The deeply flawed role of the Canada Energy Regulator (CER)

Part 4 in a series of 18 discussion papers

No environmental assessment or public inquiry process of any kind in Canada has ever answered the crucial question, which is whether the planned growth of Canada’s oil production to 2030 and 2040 is compatible with keeping increased warming to 1.5°C. For the past nine years, the CER (formerly known as the National Energy Board, or NEB) has turned a blind eye to a fundamental question, which remains unanswered.

The CER is the Federal Government’s energy agency. Since 2013, in its annual reports entitled Canada’s Energy Future, the CER has published analyses and projections showing the expected future levels of Canada’s oil productions, along with information about other aspects of energy supply and demand in Canada. On the eve of the Federal Government’s approval of the TMX pipeline expansion project in 2015 and 2016, the CER (then the NEB) was projecting very substantial ongoing expansion of oil production in Canada to 2040.

Although Canada became a signatory to the Paris Agreement in December 2015, making a solemn commitment to take action to limit the increase in global average temperature “to well below 2°C above pre-industrial levels and to pursue efforts to limit the temperature increase to 1.5°C”, the CER has consistently failed during all the years since then to examine the much lower and declining future levels of oil production in Canada that could be safely aligned with a 1.5°C or 2°C world. The CER’s annual reports since 2016 have never examined that question.

In its most recent projections of Canada’s future oil production levels up to 2050 released on December 9, 2021, the CER was again silent on that question.    

Facing sharp public criticism from leading Canadian energy economists and climate scientists for that ongoing failure, the Minister of Natural Resources on December 16, 2021, belatedly instructed* the CER to conduct an internal study to determine what future level of oil production in Canada would be safely aligned with a global effort to limit warming to 1.5°C. No annual report was published in 2022.

The government’s most recent Emissions Reduction Plan published on March 29, 2022, informed Canadians only that the Minister of Natural Resources has sent a letter to the CER asking that it conduct a new scenario analysis:

On December 16, 202, Natural Resources Minister Jonathan Wilkinson, wrote to the Chairperson of the CER’s Board of Directors Cassie Doyle, to request that the CER produce fully modelled net-zero scenarios consistent with 1.5 degrees of warming under the Paris Agreement. The 1.5 -aligned Scenario Analyses will include fully modelled scenarios of supply and demand of all energy commodities in Canada, including clean fuels, electricity, and oil and gas. This modelling will also include the future trends in low-carbon technology and energy markets, to provide Canadians with information they need to better understand the future energy transition.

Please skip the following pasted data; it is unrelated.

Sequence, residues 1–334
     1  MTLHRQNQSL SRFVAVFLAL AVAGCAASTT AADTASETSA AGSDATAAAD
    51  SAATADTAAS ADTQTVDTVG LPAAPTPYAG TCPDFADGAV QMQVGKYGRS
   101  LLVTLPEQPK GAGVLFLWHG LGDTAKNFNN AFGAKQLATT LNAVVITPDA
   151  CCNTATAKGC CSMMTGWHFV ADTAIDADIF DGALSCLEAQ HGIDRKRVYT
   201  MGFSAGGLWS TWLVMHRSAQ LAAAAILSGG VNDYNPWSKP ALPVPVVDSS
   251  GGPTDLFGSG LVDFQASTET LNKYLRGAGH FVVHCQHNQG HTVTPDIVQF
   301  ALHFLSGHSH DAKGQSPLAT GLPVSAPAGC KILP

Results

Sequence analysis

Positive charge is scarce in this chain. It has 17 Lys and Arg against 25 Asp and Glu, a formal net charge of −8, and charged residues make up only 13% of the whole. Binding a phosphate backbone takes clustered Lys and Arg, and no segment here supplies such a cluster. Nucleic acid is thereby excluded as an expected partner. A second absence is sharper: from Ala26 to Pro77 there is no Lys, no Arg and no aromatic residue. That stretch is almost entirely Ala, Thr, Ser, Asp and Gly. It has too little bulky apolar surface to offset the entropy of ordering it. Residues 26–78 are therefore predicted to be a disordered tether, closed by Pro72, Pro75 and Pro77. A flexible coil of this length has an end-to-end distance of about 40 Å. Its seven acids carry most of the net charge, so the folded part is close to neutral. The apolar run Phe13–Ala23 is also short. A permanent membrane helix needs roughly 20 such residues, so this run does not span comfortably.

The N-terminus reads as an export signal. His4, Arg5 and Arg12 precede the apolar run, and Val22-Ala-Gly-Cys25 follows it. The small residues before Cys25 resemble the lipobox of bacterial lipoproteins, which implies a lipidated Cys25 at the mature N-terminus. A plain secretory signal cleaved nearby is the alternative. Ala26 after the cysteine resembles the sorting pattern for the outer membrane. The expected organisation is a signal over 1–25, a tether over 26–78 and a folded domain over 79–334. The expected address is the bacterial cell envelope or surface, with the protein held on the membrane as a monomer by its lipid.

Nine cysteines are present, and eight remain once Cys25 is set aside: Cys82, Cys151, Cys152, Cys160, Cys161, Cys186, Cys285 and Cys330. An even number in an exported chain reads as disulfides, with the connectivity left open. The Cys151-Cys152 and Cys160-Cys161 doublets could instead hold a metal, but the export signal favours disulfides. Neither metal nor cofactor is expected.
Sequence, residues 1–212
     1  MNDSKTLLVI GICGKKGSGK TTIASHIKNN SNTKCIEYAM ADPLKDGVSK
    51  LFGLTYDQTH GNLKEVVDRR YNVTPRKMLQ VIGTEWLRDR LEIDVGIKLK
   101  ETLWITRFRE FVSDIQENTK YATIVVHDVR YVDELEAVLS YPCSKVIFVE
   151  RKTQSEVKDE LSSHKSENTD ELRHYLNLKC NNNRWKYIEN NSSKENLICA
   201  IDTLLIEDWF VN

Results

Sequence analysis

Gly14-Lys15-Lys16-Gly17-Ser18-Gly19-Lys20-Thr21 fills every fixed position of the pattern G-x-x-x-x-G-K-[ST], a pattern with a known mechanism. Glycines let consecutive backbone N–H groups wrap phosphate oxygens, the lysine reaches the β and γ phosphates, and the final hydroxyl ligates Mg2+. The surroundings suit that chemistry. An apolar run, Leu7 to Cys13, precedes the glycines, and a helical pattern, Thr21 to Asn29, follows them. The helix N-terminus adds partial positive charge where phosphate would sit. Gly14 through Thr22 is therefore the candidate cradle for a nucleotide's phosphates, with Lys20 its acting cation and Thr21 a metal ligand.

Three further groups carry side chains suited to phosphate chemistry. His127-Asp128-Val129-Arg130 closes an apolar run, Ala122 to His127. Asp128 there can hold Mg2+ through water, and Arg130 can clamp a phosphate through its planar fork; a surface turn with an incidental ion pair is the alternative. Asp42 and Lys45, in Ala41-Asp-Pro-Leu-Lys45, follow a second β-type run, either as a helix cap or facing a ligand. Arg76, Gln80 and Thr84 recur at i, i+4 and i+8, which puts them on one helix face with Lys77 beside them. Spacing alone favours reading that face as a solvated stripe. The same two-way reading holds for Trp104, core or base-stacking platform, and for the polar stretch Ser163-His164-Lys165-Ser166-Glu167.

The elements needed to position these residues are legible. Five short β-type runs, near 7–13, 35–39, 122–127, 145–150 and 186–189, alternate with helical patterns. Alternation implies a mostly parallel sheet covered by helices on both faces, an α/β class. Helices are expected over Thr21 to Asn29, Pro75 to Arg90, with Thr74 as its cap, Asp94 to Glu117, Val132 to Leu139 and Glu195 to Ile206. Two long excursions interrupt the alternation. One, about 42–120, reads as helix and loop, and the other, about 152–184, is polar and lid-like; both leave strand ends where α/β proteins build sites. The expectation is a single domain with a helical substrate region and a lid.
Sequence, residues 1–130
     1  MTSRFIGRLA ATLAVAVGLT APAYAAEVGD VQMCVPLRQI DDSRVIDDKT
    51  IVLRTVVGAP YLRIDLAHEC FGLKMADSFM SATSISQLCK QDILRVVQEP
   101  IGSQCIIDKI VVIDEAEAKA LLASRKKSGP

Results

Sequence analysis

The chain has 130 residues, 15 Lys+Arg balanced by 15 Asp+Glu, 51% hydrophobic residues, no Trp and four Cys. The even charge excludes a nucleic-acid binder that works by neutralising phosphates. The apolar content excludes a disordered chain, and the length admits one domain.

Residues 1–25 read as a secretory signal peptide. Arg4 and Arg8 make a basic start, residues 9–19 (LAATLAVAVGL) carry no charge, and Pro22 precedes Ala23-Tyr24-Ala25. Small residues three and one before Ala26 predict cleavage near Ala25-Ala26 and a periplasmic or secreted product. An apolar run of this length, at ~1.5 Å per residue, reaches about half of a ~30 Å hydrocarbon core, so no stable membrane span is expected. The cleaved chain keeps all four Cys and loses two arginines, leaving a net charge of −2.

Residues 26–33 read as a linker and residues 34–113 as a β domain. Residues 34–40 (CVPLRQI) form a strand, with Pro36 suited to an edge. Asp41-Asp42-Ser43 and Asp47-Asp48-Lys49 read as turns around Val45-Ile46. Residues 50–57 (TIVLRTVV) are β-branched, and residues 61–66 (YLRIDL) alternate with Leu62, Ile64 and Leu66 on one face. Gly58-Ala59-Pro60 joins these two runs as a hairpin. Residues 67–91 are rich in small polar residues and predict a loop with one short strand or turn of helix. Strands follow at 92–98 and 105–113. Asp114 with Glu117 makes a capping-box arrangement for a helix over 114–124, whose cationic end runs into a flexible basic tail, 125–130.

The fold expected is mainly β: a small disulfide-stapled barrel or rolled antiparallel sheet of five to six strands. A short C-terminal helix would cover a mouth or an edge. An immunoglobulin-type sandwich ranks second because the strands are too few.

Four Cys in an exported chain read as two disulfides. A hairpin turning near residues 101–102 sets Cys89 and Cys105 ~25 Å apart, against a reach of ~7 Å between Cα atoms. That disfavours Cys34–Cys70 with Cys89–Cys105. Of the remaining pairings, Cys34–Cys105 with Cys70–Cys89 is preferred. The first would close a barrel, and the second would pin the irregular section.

Emissions Reduction Plan, March 29, 2022

But the “modelling” has not been done, or at least has not yet been released to the public.  It is not yet available to Canadians. The promised 1.5°C-aligned analysis by the CER will likely not be publicly available until sometime in 2023, possibly within the next month or two

In the meantime, our government has been justifying decisions to expand our oil production (decisions that involve projects and infrastructure that will have an operating lifetime of 20 or 30 years) based on the existing CER projections which are not remotely aligned with 1.5°C or 2°C. The ERP document, released by the government on March 29, 2022, acknowledges that it is continuing to use the CER’s existing projections as a “framework” to approve projects and that the Canadian oil industry is using the currently available CER projections “to make investment decisions.

On April 6, 2022, the Federal Government announced the approval of a major new offshore oil field in Newfoundland which is expected to come into production by 2028. Known as Bay du Nord, it will contribute an additional 200,000 to 300,000 bpd to Canada’s oil production level. The approval came just one week after the Emissions Reduction Plan was published. 

By 2023, Canada’s oil production will have increased by another 350,000 bpd above the 2021 level – and by 2024 it will be 530,00 bpd higher, according to the CER’s 2021 data. That represents a 10% rise in our oil production within the next two years. And even when the CER’s promised new analysis is eventually released, we have no assurance that it will give us a reliable answer.

The forthcoming CER analysis, when it is eventually disclosed to the public, will not be the result of an independent inquiry process. The CER’s study is entirely closed to public access. There have been no public hearings, no media access, and there is no public record of the information being considered by CER staff members. The CER is quietly deciding in secrecy what evidence it will look at, and what lines of inquiry it will ignore. A proper examination of this crucial question must be conducted by an independent public inquiry process.

* Letter sent December 16, 2021 by the Minister of Natural Resources to the CER requesting that it “undertake scenario analysis” relating to Canada’s future oil production: